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JuliaFEM

The JuliaFEM software library is a framework that allows for the distributed processing of large Finite Element Models across clusters of computers using simple programming models. It is designed to scale up from single servers to thousands of machines, each offering local computation and storage.

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JuliaFEM.jl - an open source solver for both industrial and academia usage

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JuliaFEM organization web-page: http://www.juliafem.org

The JuliaFEM project develops open-source software for reliable, scalable, distributed Finite Element Method.

The JuliaFEM software library is a framework that allows for the distributed processing of large Finite Element Models across clusters of computers using simple programming models. It is designed to scale up from single servers to thousands of machines, each offering local computation and storage. The basic design principle is: everything is nonlinear. All physics models are nonlinear from which the linearization are made as a special cases.

At the moment, users can perform the following analyses with JuliaFEM: elasticity, thermal, eigenvalue, contact mechanics, and quasi-static solutions. Typical examples in industrial applications include non-linear solid mechanics, contact mechanics, finite strains, and fluid structure interaction problems. For visualization, JuliaFEM uses ParaView which prefers XDMF file format using XML to store light data and HDF to store large data-sets, which is more or less the open-source standard.

Vision

On one hand, the vision of the JuliaFEM includes the opportunity for massive parallelization using multiple computers with MPI and threading as well as cloud computing resources in Amazon, Azure and Google Cloud services together with a company internal server. And on the other hand, the real application complexity including the simulation model complexity as well as geometric complexity. Not to forget that the reuse of the existing material models as well as the whole simulation models are considered crucial features of the JuliaFEM package.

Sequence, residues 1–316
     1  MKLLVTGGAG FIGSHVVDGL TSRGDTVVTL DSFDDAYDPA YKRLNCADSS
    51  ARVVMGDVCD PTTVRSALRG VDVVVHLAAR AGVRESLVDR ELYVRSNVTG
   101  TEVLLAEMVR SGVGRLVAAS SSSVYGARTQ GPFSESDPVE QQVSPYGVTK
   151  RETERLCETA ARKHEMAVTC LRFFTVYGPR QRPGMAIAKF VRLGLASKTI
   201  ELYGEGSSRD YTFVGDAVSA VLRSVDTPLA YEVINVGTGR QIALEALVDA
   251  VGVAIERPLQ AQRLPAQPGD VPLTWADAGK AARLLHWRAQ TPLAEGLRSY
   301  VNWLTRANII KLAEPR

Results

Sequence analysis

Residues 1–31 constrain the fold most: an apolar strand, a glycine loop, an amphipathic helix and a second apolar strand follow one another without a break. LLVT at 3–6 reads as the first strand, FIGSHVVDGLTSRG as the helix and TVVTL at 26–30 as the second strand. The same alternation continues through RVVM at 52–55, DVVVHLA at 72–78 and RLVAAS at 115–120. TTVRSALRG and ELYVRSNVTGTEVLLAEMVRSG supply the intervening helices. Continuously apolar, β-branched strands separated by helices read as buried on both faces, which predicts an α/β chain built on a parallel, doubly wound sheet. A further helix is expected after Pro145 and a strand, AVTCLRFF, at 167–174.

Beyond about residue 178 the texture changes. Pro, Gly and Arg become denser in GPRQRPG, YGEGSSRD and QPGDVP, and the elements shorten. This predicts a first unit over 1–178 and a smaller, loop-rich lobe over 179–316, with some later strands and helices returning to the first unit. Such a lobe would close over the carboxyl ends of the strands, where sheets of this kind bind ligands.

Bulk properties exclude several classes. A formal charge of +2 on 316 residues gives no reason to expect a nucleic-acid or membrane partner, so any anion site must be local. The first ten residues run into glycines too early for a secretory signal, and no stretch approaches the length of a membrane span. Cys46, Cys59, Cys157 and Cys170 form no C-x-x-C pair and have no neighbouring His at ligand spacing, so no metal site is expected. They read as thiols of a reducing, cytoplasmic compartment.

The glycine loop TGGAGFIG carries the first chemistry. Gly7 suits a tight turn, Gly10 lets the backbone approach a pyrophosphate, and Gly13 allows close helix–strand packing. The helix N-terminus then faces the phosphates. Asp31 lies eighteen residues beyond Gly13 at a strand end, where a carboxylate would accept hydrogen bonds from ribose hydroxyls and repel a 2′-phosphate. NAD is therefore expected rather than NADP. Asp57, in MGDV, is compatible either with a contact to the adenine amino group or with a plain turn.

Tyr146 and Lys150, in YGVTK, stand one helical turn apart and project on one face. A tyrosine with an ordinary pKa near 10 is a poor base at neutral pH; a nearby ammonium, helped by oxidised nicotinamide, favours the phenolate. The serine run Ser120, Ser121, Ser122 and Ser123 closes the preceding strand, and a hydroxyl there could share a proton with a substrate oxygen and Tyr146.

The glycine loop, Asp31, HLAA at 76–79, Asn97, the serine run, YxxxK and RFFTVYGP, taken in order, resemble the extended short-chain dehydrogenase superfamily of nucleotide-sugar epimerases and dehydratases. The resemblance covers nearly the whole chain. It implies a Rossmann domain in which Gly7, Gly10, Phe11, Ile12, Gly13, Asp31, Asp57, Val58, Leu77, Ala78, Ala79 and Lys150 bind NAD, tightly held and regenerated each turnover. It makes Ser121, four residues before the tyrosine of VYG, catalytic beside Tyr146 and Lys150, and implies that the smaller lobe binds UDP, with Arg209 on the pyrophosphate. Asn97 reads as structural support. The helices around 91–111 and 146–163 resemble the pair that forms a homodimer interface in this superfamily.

Recreating the wheel again is definitely not anybody's goal, and thus we try to use and embrace good practices and formats as much as possible. We have implemented Abaqus / CalculiX input-file format support and maybe will in the future extend to other FEM solver formats. Using modern development environments encourages the user towards fast development time and high productivity. For developing and creating new ideas and tutorials, we have used Jupyter notebooks to make easy-to-use handouts.

The user interface for JuliaFEM is Jupyter Notebook, and Julia language itself is a real programming language. This makes it possible to use JuliaFEM as a part of a bigger solution cycle, including for example data mining, automatic geometry modifications, mesh generation, solution, and post-processing and enabling efficient optimization loops.

Installing JuliaFEM

Inside Julia REPL, type:

Pkg.add("JuliaFEM")

Initial road map

JuliaFEM current status: project planning

Version Number of degree of freedom Number of cores
0.1.0 1 000 000 10
0.2.0 10 000 000 100
1.0.0 100 000 000 1 000
2.0.0 1 000 000 000 10 000
3.0.0 10 000 000 000 100 000

We strongly believe in the test driven development as well as building on top of previous work. Thus all the new code in this project should be 100% tested. Also other people have wisdom in style as well:

The Zen of Python:

Beautiful is better than ugly.
Explicit is better than implicit.
Simple is better than complex.
Complex is better than complicated.
Flat is better than nested.
Sparse is better than dense.
Readability counts.
Errors should never pass silently.

Contributing

Developing JuliaFEM encourages good practices, starting from unit testing both for smaller and larger functions and continuing to full integration testing of different platforms.

Interested in participating? Please start by reading contributing.

First Commit

05/13/2015

Last Touched

4 days ago

Commits

829 commits

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